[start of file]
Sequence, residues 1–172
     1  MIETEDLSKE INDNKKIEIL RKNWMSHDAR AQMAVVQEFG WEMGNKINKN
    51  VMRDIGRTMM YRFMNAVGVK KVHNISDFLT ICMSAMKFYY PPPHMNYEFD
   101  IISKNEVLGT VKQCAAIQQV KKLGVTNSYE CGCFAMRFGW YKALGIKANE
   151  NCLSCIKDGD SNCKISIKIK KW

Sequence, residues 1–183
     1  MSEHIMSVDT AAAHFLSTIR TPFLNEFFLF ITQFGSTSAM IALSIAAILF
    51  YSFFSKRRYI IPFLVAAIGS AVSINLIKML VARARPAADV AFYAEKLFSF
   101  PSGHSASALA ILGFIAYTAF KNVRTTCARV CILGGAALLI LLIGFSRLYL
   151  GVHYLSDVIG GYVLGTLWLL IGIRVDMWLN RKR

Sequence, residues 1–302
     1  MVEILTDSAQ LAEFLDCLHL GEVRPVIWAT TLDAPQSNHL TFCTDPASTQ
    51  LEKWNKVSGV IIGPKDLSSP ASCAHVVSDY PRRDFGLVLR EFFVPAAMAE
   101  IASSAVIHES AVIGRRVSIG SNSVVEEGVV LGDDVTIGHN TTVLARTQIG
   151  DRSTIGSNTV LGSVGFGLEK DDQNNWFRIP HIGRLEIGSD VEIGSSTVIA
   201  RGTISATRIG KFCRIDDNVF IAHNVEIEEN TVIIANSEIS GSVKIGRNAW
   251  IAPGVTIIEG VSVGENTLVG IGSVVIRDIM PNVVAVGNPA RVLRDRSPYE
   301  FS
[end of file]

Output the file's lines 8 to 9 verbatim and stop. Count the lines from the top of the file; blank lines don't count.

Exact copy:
    51  YSFFSKRRYI IPFLVAAIGS AVSINLIKML VARARPAADV AFYAEKLFSF
   101  PSGHSASALA ILGFIAYTAF KNVRTTCARV CILGGAALLI LLIGFSRLYL